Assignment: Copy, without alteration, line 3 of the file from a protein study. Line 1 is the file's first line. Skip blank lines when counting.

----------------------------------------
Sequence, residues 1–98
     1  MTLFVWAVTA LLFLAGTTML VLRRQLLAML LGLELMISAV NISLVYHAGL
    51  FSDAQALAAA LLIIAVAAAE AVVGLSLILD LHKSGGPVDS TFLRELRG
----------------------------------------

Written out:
    51  FSDAQALAAA LLIIAVAAAE AVVGLSLILD LHKSGGPVDS TFLRELRG